This year is the third year the Iceland Writers Retreat has offered the Alumni Award. This prestigious award is funded in its entirety by generous IWR alumni and friends. It gives its recipients full or partial funding to attend the next Retreat, which will take place April 11 to 15, 2018 in Reykjavik. The winners are chosen based on both merit and financial need, and submissions were reviewed by IWR alumni volunteers. We received over 700 applications from around the world and the quality of submissions was extremely high. Over the coming weeks, we will be posting Q&A’s with this year’s recipients of the Alumni Award, starting with Fatin Abbas!
Fatin Abbas was born in Sudan, grew up in New York, and attended university in the UK and US. She is a graduate of the Hunter College (CUNY) MFA in Creative Writing Program, winning during her time there the Bernard Cohen Short Story Prize and the Miriam Weinberg Richter Award. Her fiction has appeared in Freeman’s, The Warwick Review, and Friction, and her non-fiction and review essays have appeared in Le Monde Diplomatique, The Nation, Africa is a Country, and openDemocracy.net. She is a recipient of the Miles Morland Foundation Writing Scholarship, and is at work on her first novel, The Interventionists.
How did you find out about Iceland Writers Retreat originally?
I found out about the Retreat through the Aerogramme Writers’ Studio. Spending a week in Iceland writing and engaging with such renowned authors seemed like an amazing opportunity, and I applied immediately. I’m really grateful for the chance to connect with a community of writers in such a beautiful country.
Have you ever participated in a similar kind of retreat? If yes, how did the experience benefit your writing?
No, I haven’t participated in a retreat before, so I’m really excited to be taking part in this one!
What are you most looking forward to about the Retreat?
I think what the Iceland Writers Retreat offers is this wonderful combination of location, contact with stellar authors, and community. The combination of location and literary community is especially appealing to me. I really look forward to meeting Icelandic authors and learning more about the country through its writers and its literature.
What and/or who do you find inspiring?
In terms of my own writing, there are different streams of inspiration. 19th century novelists — Leo Tolstoy, George Eliot, Jane Austen, Thomas Hardy, Fyodor Dostoevsky — were my gateway into the novel. Postcolonial authors, from Chinua Achebe to Tayeb Salih to Jean Rhys and Arundhati Roy, are very important to me, in the way that they reflect my own relation to the world. Then there are the writers whom I’ve had the privilege to know and learn from: Peter Carey, Colum McCann and Claire Messud, whom I studied with, are all hugely inspiring both as writers and as people. But before all of these writers came along there were my parents. Both are big readers, and they passed on their love of books to me.
How has writing influenced your life?
Writing is the medium through which I’ve always made sense of myself and of the world around me. I became really involved with writing as a child, around the age of nine, when my family first moved from Sudan to the United States. I think it’s no coincidence that I became involved with writing then, because my family was going through so much upheaval. Writing provided a space through which I could make sense of all these changes: new country, new culture, new challenges. As an adult writing continues to play that role in my life. There’s a phrase that Colum McCann, by way of John Berger, uses to describe himself: ‘I’m a patriot of elsewhere.’ That phrase is very apt in terms of capturing my own experience as someone who exists between places and cultures. Writing for me is about figuring out what that ‘elsewhere’ is, what it means to be a citizen or a patriot of that place which is no place and every place. I think it’s the task of writers to think about it, especially given the current political environment, in which there is this buckling down on nationalism and on borders, and when the privileges of citizenship and belonging are distributed so unequally. I like to think of that ‘elsewhere’ as another alternative, a more inclusive, open and equal one, and writing is my way of exploring that place.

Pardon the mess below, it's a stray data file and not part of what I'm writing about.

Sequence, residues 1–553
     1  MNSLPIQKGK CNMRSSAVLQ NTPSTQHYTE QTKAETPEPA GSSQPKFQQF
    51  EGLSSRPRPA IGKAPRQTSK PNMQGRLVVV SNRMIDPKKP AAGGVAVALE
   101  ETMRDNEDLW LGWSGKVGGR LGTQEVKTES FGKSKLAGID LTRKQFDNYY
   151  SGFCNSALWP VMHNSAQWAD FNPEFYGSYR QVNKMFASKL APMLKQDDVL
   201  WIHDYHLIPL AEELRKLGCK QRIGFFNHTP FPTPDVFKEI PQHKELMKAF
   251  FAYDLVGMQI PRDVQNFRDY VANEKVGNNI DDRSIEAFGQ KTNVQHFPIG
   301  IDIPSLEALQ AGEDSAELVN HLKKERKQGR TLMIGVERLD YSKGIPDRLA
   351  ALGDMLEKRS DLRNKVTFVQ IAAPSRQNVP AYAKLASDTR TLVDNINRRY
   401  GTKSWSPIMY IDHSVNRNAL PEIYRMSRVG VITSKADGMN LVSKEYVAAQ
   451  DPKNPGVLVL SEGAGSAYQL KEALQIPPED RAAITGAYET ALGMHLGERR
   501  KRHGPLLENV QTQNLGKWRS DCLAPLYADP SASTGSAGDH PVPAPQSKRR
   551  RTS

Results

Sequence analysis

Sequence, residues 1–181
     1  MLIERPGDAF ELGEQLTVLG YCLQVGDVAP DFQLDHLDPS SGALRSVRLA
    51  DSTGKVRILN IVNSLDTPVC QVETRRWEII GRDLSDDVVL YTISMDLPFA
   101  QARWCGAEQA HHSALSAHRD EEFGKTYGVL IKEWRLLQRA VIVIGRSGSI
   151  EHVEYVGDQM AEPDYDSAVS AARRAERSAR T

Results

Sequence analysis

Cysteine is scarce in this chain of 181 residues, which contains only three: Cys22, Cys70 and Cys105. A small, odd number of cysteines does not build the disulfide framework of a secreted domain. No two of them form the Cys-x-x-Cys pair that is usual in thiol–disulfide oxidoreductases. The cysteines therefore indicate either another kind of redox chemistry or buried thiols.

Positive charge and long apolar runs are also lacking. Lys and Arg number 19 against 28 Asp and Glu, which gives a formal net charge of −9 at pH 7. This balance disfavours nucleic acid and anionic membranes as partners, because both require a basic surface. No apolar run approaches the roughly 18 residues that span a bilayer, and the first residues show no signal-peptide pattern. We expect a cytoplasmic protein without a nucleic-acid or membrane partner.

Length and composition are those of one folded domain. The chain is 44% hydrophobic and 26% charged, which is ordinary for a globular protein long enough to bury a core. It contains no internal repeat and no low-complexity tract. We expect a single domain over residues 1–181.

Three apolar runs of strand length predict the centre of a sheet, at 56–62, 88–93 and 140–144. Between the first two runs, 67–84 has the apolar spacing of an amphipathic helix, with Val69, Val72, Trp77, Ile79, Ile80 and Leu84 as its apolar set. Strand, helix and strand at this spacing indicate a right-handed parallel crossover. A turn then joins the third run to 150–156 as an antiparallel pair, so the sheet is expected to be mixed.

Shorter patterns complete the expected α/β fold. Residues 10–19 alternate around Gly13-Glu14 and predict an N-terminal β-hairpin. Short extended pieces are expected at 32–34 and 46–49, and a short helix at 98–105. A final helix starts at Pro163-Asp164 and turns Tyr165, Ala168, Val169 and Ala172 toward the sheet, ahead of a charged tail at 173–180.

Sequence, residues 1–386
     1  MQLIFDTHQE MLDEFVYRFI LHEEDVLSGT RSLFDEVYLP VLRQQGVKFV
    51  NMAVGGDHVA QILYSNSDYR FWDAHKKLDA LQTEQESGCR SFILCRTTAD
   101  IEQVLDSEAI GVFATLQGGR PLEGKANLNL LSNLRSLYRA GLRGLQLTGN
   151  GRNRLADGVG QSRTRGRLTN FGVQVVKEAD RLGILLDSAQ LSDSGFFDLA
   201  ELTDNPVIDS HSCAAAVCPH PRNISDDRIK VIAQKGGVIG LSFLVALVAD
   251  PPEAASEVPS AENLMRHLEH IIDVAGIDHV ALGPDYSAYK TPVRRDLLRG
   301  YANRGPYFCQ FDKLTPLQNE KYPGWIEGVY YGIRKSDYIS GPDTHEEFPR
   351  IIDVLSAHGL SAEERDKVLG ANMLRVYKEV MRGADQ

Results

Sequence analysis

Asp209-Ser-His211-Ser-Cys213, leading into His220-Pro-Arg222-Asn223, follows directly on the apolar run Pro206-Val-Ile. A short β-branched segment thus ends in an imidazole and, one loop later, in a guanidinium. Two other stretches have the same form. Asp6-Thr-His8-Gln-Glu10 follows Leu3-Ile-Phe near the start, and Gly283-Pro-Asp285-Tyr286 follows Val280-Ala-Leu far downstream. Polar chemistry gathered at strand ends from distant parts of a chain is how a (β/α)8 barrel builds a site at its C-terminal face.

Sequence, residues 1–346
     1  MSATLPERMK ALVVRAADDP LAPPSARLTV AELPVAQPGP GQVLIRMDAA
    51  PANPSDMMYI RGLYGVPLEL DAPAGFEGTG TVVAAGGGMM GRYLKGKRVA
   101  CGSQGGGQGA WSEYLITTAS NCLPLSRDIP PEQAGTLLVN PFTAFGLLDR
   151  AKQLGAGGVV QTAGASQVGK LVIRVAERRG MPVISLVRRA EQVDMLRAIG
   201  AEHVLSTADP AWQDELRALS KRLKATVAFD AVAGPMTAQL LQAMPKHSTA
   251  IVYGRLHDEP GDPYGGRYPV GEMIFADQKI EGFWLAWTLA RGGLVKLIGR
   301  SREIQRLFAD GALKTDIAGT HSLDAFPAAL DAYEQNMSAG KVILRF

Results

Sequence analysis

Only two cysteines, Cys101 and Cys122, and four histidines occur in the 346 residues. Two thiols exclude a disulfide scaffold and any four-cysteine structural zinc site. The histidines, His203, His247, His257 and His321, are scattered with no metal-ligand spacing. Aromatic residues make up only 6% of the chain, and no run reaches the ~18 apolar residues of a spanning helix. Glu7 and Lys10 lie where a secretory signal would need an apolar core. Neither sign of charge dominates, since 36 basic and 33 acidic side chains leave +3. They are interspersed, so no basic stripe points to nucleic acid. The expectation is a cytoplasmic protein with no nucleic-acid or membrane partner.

What do you find to be your biggest challenge in your writing life?
Time is a big challenge, I think it always is for writers. Writing is a slow process, and we live in a world of hurry. You need time to read, think, write, re-write, revise, to grow into your own wisdom as a person and as a writer. It can be challenging to slow down, to take your time for the benefit of the work, when everyone and everything around you is speeding by. But I think this is also why I value writing: for the way that it forces me to confront my own limitations, the limitations that time imposes on me, and to work through them. Writing is humbling, but at the same time it opens me up to my fullest possibilities.
Any final comments you’d like to share with our followers?
Only a quotation from E.L. Doctorow, another writer I love, which has kept me going through my first novel, and which some of the first-time novelists out there may find encouraging: ‘[Writing a novel is] like driving a car at night: you never see further than your headlights, but you can make the whole trip that way.’